I am constantly amazed as to the power of the mind in convincing ourselves what we are and are not capable of. I witnessed it many times as my children grew and they would rail against my encouragement to try what I knew they were able to do, only to have them filled with amazement when they eventually tried and succeeded. I am very good at identifying what people have the capacity to achieve, but not so good when it comes to my own attempts in life.
I missed out on my regular Parkrun activity last Saturday as I was on a cruise with my sisters, which is a topic in itself for another day. I found myself not looking forward to heading out this past Saturday as I had not had the opportunity to be ‘active’ for almost 2 weeks. I knew it would be a difficult 5km. I found myself saying that I was going to be walking a fair chunk of the track because I didn’t feel like running more than 48 hours before the event.
It came to the morning of Parkrun and I decided to see what would happen if instead of saying that I couldn’t run the whole 5km that I started telling myself that I could. The countdown happened, we set off and I started to run. At the usual points along the way where I found myself saying “I can’t do this” I countered that with “but, I am going to run the whole 5km. You can do it.” I wanted to give up and walk a while at the 1km mark, the 1.5km mark, 2km, the turnaround point … the defeatist attitude kept bubbling to the surface and each time I argued back that I had decided to run and so I would keep going.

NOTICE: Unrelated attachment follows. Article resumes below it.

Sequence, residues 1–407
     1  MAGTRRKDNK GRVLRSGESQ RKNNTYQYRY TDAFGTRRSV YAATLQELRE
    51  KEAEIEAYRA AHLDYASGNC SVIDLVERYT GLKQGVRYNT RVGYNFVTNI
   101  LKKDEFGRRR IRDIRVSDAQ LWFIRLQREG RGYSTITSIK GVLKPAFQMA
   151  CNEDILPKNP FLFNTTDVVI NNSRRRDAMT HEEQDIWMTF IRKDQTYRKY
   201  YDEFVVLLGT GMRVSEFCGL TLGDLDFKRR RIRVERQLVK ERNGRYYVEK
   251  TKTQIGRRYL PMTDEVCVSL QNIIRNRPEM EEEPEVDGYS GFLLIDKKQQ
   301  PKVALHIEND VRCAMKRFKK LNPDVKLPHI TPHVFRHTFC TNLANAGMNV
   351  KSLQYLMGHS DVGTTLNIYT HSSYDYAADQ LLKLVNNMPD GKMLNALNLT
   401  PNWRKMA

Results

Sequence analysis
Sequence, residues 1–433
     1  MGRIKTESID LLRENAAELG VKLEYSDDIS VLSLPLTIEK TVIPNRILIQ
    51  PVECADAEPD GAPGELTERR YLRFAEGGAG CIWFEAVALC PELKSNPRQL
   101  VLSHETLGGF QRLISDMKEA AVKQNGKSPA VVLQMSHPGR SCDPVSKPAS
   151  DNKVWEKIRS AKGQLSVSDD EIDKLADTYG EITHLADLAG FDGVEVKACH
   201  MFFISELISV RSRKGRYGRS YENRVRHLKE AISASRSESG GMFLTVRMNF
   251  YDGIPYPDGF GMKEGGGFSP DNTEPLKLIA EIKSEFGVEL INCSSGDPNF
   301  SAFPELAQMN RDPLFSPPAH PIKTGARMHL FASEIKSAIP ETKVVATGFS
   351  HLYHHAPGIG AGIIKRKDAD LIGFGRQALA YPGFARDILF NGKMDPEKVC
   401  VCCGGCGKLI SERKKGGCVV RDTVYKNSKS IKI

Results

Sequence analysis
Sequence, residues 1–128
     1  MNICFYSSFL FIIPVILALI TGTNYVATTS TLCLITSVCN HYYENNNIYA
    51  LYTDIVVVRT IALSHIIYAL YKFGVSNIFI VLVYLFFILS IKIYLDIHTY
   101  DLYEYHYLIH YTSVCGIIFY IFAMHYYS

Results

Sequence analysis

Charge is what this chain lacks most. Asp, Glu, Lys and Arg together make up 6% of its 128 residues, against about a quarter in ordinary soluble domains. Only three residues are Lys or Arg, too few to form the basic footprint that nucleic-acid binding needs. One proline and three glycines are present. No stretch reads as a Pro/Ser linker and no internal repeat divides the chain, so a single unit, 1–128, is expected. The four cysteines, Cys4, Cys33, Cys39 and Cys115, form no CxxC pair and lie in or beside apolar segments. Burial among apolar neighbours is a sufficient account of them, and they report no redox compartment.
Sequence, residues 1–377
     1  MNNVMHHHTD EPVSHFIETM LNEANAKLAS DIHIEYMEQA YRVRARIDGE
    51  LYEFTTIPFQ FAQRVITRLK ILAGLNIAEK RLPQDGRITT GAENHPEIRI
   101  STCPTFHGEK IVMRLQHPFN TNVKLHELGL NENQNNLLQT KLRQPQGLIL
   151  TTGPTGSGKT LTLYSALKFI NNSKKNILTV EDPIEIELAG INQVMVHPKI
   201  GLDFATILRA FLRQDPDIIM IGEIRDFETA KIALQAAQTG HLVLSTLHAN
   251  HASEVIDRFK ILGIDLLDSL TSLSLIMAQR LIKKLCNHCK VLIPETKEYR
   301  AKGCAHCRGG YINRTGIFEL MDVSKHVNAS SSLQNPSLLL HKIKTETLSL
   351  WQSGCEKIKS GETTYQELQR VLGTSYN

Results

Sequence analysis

Well, before I knew it I was at the 4km point and the self talk changed from “I can’t do this” to “You are almost there, not long now”. While that last kilometre can feel like it lasts forever I know that no matter how tired I am I can always run that last stretch.
As I crossed the finish line and realised my time wasn’t too terrible I have realised that the mind is a very powerful thing, and I do not use it to it’s best advantage. I know that I find it so much easier to believe that I am unable to achieve rather than put in the effort to try. Is this laziness? Is this fear? Potentially yes, and yes, depending on the situation. Fear of failure is a large motivator, but as I tell people over and over, it is far better to try and fail than not to try.
I have been challenged to more critically assess the self talk that tries to convince me that I am not capable, not worthy, not strong. I have proven that I can do it when I put my mind to it, so I am going to strive to become more of the person that God wants me to be. May you do so too.